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Services

The green issues concerning services are mainly to do with materials in terms of their embodied energy, their manufacture and their reusability / recyclability. Also the question of dangerous emfs keeps resurfacing.

A wide range of normal domestic services have question marks hanging over them

  • water supply pipes – traditional lead ones are associated with lead poisoning.
  • microbore heating circuits usually require more energy consuming pumps
  • PVC waste pipe is not recyclable (although it is likely that they soon will be)
  • electric cables are usually insulated with PVC – possible pollution problems from fire as well as manufacture and disposal.
  • electric cabling may produce dangerously high emfs
  • electric circuits may have high stand-by currents
  • water tanks and plumbing generally can harbour legionella

However there are also some rather complicated questions about ‘future proofing’ of services and the ecological impact of having to constantly replace pipes, wires etc to keep apace of new technological developments. This is a tricky subject because studying the past does not necessarily predict the future except inasmuch as that people have constantly underestimated the degree and speed of change which is likely to occur. There are strong arguments for grouping all the services, particularly plumbing, into a service duct

Water supply pipe

With existing houses built before 1970 or so there may be a lead supply pipe connecting to the house and it might be poisoning the water. See the Drinking Water Inspectorate web site

Current practise for new buildings is to use 25mm or 32mm HDPE plastic pipe (with a barrier layer if the ground is contaminated such as on some brown field sites)

PVC insulation

The problems with PVC are compounded in the case of insulation on electrical wiring because if the wires overheat and cause the PVC to ignite then hazardous fumes can be given off. The alternative is to use low smoke halogen free (LSHF) cable.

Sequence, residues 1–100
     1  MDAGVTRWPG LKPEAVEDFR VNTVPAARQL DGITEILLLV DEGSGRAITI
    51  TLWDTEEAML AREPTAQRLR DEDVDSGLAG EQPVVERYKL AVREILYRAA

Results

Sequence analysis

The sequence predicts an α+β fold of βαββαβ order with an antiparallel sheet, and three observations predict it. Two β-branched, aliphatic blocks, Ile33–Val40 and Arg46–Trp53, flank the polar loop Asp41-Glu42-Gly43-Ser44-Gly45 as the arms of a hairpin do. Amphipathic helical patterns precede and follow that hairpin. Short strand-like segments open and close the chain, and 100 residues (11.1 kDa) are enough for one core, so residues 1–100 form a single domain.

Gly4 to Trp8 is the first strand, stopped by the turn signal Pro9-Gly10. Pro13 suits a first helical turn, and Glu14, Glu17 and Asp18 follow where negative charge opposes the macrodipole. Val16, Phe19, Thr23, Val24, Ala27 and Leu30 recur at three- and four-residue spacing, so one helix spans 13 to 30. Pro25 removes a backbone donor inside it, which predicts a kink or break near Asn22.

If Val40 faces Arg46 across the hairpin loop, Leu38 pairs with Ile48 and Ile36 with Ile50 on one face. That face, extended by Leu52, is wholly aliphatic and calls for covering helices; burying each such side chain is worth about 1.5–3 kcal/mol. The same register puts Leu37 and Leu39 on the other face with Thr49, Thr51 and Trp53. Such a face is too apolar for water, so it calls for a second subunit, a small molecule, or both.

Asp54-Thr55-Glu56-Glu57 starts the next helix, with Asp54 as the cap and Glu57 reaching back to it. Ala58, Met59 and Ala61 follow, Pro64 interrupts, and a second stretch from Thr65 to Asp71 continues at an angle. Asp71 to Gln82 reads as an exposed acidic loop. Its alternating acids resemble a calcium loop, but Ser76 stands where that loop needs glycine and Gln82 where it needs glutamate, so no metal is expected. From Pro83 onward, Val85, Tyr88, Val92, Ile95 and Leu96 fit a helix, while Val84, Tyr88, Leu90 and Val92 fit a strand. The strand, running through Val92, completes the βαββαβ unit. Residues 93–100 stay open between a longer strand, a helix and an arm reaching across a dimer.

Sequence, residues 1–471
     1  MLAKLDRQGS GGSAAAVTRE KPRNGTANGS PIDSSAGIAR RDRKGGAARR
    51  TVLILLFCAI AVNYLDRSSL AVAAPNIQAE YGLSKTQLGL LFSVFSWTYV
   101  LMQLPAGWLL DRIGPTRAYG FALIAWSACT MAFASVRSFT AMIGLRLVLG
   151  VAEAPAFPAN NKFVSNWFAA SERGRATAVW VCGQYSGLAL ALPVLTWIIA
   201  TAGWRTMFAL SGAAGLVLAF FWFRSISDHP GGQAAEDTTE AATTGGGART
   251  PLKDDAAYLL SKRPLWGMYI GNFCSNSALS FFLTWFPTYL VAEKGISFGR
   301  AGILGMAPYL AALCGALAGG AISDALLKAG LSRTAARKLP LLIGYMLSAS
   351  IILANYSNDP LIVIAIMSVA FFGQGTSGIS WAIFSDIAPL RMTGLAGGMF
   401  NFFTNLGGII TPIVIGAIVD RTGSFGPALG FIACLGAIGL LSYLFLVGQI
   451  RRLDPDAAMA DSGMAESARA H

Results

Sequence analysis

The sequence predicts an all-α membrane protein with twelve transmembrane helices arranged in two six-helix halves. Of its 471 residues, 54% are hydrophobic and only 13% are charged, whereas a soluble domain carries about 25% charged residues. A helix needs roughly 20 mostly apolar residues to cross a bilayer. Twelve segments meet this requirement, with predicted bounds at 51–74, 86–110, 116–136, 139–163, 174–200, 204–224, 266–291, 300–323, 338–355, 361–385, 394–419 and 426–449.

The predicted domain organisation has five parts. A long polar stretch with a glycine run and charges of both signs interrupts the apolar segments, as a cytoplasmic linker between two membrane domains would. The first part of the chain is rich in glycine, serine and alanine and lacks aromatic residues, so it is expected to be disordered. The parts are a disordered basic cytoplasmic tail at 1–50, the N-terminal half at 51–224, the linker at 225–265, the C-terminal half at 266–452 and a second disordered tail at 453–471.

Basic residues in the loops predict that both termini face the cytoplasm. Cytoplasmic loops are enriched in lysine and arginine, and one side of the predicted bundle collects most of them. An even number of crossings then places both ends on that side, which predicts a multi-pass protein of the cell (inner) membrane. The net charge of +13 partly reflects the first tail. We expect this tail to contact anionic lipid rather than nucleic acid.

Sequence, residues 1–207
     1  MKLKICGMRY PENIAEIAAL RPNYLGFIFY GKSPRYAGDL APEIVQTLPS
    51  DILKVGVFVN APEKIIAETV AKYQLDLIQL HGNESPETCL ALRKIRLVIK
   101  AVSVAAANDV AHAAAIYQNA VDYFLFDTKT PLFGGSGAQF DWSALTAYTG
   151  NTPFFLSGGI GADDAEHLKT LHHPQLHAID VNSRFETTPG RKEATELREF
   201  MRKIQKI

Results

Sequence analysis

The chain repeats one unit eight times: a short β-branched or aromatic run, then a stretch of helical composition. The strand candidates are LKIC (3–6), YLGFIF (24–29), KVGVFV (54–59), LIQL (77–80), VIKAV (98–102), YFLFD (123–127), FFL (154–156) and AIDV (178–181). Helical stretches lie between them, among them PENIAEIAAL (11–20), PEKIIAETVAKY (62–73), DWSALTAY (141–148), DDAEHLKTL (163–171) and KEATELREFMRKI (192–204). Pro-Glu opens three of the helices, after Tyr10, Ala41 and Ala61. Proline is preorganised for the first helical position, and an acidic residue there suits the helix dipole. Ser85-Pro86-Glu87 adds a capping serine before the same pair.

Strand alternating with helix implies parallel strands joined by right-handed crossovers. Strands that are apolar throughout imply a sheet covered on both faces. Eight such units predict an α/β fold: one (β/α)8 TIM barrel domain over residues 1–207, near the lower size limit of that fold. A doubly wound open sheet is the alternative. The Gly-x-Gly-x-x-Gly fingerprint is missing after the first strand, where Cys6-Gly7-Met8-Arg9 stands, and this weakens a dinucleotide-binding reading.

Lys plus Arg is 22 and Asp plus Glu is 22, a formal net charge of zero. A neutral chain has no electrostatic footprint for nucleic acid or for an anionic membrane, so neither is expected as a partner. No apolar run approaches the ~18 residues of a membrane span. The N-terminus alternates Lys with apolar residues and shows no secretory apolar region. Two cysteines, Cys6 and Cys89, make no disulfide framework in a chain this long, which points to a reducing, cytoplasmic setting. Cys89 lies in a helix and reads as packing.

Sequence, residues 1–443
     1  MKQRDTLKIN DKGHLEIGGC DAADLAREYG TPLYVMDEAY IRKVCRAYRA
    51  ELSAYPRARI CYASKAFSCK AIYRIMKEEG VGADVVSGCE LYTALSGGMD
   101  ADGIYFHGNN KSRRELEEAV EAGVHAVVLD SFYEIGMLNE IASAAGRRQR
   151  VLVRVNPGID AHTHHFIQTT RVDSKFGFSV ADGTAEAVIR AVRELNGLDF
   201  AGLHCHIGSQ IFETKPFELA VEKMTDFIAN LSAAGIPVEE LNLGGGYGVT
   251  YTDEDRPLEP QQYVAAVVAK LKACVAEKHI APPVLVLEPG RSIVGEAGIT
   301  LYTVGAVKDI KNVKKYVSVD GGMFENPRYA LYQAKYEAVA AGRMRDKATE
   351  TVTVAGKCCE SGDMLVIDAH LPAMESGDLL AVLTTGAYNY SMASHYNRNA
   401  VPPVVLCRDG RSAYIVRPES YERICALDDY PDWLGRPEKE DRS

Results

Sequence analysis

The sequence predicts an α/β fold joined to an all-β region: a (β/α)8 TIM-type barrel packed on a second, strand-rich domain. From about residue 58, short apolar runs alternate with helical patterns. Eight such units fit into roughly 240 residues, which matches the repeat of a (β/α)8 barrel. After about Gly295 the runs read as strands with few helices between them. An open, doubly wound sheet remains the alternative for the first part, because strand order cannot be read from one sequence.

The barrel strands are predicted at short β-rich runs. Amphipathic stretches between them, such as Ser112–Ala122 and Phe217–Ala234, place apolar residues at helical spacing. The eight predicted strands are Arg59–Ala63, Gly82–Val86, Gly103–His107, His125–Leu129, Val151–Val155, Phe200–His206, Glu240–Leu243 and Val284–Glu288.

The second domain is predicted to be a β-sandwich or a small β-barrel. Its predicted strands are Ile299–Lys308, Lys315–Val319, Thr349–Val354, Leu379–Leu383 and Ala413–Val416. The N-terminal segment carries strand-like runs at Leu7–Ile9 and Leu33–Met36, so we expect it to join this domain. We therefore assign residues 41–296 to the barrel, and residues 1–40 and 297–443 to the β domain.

Building Regulations

The Building Regulations cover services mainly in the following Approved documents:

see also the Domestic Services Compliance Guide

2 comments to Services

  • ALAN WOOD

    I WAS WONDERING IF YOU ARE DOING ANYMORE SCHEMES LIKE THE SELF BUILD PROJECT FINISHED IN BRIGHTON. I HAVE 30 YEARS IN CONSTRUCTION IN ALL PROJECTS FROM NEW BUILD HOUSES,OFFICE BLOCKS, FLATS TO ECO BUILDS AND STONE ROUND HOUSES ETC, THAT IS A PART TO MY WORK HISTORY AT PRESENT TIME. AND I WILL BE MADE HOMELESS IN ONE MONTH TIME.

    AMWOOD

  • Robert Jensen

    I like your site, which a friend linked me to. I have some comments:

    Under the heading “PVC insulation”, you wrote “The problems with PVC are compounded in the case of insulation on electrical wiring because if the wires overheat and cause the PVC to ignite then hazardous fumes can be given off.”

    That is true, but I suspect that hazardous vapours could be given off simply at high temperatures, i. e. without actual fire (ignition) with flame. That’s the bad news. Some good news is surely that in the UK there are codes and standards designed to reduce risks: as Wikipedia states “There are a number of specific national practices, habits and traditions associated with electrical wiring in the United Kingdom … (the “Wiring Regulations”) … … ” So there is guidance – most of it regarding the required thickness (area of cross-section in square millimetres)) of the metal part of the wiring (the conductor) needed for the power (Watts) being transmitted through the wiring. Power = Potential difference (expressed in Volts) x current (expressed in amperes i. e. amps. (Sorry if this is obvious – I obviously don’t know who will read this!

    Some more bad news is that if wiring is covered by thermal (as opposed to just electrical) insulation, then higher temperatures will inevitably be reached: I think that this follows inevitably from the “heating effect of an electric current” which I studied at school(in the previous millennium!). The heat generated by the electric current needs to escape to the external environment if heating is to be avoided. And higher temperatures would tend to occur if one put thermal loft insulation where it covers electrical wiring – such as when placing or adding fibreglass or other insulation in a loft or attic.

    To avoid this, one could divert the wiring – e.g. by lengthening it so that it was outside the thermal insulation, e. g. by inserting one or more extra sections (with suitable joins). Or divert wiring from being in the roof space to being inside the rooms of the house (I am not sure if this is acceptable). The downside of lengthening is that one would use up more conducting metal (typically copper) and more electrical insulation (typically PVC).

    All design is surely a compromise. If anyone wishes to discuss this, they can email me at jensen800@yahoo.com My name is Robert Andrew Jensen, I am an “Environmental Engineer” and I live in the UK (you should be able to find me on LinkedIn. Please give any email a suitable subject line so that it does not go into my spam folder. Best wishes, Robert

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